Formica is a brand of plastic laminate with which anyone who has seen a kitchen designed in the 1960s is familiar, because it was all the rage back then. It's still popular today, but not as much, because homeowners have more choices when it comes to countertops and backsplash materials. If your Formica backsplash is looking dated, and you want to replace it with a different material or just let the wall speak for itself, you have about an hour of not-too-difficult grunt labor before you.
Backsplash Removal Basics
Whether the backsplash is a single sheet of Formica or laminated strip of plywood or particleboard, it's probably glued to the wall. If it's a laminated strip, it's probably screwed to the countertop and perhaps also to the wall. Some backsplashes are incorporated into the countertop, making removal of the backsplash impossible without also removing the countertop. The job is going to require a drill, screw bit, putty knife or pry bar, utility knife and possibly a reciprocating saw.
Remove Laminate Strip Backsplash
You probably won't need any tools other than a stiff metal putty knife and a hammer to remove a strip of Formica from the wall, because it isn't screwed anywhere, just glued. Work the putty knife between the backsplash and the wall, tapping with a hammer if necessary to get it started, and pry outward as you move the putty knife forward. Eventually, you'll work enough of the flexible plastic material away from the wall to allow you to grab the edge and pull as you continue prying with the putty knife. It won't be long before the entire strip comes off.
You'll be left with some damage to the wall and probably some glue residue to remove, which you should also be able to do by chipping with the putty knife, as Two Feet First discovered. Avoid the temptation to heat the backsplash with a heat gun to soften the adhesive, because you'll be left with a sticky mess on the wall that will be much harder to remove.
Removing Backsplash Mounted on Particleboard
A particleboard backsplash is usually screwed to the countertop. You access the screws from inside the cabinet, so you may have to remove all the drawers and shelves to make room. Once you've backed out and removed all the screws you can find, using a drill and screw bit, cut through the caulk around the perimeter of the backsplash with a utility knife, including at the point where it meets the countertop. If the backsplash isn't screwed to the wall, you should be able to pry it off using the same technique you use for sheet laminate.
If prying doesn't work, you have a choice. You can either pry the laminate off the surface of the particleboard to expose the screws, or you can work the blade of a reciprocating saw behind the particleboard and cut the screws. Cutting the screws is faster, but it damages the wall. If the wall is drywall, that isn't a big problem, because drywall is easy to patch with joint compound, patching compound and drywall tape.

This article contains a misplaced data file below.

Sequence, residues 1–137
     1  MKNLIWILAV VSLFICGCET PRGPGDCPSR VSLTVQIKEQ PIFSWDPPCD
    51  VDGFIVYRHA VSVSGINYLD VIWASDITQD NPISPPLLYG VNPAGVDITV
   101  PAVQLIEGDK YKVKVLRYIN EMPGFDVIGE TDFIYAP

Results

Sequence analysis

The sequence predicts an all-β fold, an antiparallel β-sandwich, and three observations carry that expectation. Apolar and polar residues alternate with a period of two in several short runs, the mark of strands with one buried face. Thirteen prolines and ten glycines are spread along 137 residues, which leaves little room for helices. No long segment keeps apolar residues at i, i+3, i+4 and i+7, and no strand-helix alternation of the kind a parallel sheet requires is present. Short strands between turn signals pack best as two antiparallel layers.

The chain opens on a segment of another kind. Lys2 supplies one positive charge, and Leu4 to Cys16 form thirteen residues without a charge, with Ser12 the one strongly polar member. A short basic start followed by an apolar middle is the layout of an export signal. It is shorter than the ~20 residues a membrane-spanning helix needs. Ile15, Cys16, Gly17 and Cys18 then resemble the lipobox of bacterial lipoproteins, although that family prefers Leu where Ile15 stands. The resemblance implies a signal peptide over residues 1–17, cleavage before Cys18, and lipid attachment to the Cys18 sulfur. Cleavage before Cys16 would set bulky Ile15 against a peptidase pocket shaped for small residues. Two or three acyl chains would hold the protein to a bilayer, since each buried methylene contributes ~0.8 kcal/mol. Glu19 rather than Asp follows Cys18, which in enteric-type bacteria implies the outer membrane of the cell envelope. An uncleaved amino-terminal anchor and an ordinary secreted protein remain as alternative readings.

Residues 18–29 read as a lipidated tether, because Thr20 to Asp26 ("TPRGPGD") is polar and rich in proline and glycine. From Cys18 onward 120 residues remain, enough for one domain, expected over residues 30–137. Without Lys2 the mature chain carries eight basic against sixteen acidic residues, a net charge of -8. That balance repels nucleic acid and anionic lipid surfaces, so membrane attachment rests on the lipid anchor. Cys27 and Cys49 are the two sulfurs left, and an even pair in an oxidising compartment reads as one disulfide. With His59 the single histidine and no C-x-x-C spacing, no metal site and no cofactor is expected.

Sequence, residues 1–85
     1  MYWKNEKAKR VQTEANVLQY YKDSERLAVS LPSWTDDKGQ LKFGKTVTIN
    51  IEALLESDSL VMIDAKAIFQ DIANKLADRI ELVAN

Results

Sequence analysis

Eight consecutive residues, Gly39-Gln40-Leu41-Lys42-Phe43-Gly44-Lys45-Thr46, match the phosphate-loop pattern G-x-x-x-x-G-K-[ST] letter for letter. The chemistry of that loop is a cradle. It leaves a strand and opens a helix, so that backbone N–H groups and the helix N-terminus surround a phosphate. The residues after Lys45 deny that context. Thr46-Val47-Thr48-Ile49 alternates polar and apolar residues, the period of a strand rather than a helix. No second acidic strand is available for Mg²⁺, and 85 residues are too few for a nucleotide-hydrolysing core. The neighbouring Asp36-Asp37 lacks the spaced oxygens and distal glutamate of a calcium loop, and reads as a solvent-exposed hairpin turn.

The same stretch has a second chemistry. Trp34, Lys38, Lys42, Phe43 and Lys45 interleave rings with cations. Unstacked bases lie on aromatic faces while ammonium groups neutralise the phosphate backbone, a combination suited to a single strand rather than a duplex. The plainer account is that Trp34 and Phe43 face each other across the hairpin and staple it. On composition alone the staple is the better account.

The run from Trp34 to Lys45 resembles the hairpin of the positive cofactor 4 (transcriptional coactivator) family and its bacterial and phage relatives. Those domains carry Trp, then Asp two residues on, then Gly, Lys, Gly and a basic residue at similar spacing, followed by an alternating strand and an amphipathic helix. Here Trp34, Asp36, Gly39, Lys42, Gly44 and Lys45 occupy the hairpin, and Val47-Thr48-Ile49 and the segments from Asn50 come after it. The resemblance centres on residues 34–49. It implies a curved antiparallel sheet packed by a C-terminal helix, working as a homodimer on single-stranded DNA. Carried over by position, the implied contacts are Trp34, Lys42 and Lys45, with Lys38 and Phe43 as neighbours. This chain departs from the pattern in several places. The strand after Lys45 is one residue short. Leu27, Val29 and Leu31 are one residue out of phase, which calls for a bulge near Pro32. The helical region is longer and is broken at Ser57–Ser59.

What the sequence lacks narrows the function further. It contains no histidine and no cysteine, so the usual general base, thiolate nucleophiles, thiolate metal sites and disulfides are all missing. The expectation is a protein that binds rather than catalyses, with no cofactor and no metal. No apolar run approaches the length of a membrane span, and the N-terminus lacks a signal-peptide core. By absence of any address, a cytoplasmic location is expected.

Remove Formica Backsplash Integrated With Countertop
It's common for Formica countertops to curve up at the edges to provide their own backsplashes, and to remove the backsplash, you have to remove the whole countertop. Start by removing the drawers and shelves and disconnecting the sink plumbing. Look underneath the countertop for screws holding it to the cabinet framing and remove those, then try lifting. If you're lucky, it's mission accomplished.
If the countertop won't budge, it's probably glued, so use your putty knife and hammer to break the glue bond between the cabinet framing and the countertop by tapping at the front edge until you can lift a corner, then working your way to the other corner, tapping and lifting as you go. Insert a pry bar underneath the countertop, pry it upward and pull forward.
If you find it impossible to remove the backsplash countertop by pulling, it's probably because the backsplash is glued to the wall. If so, use your hammer and putty knife to tap and pry it free, using the technique for removing a particleboard backsplash.
Chris Deziel is a contractor, builder and general fix-it pro who has been active in the construction trades for 40 years. He has degrees in science and humanities and years of teaching experience. An avid craftsman and musician, Deziel began writing on home improvement topics in 2010. He worked as an expert consultant with eHow Now and Pro Referral -- a Home Depot site. A DIYer by nature, Deziel regularly shares tips and tricks for a better home and garden at Hunker.com.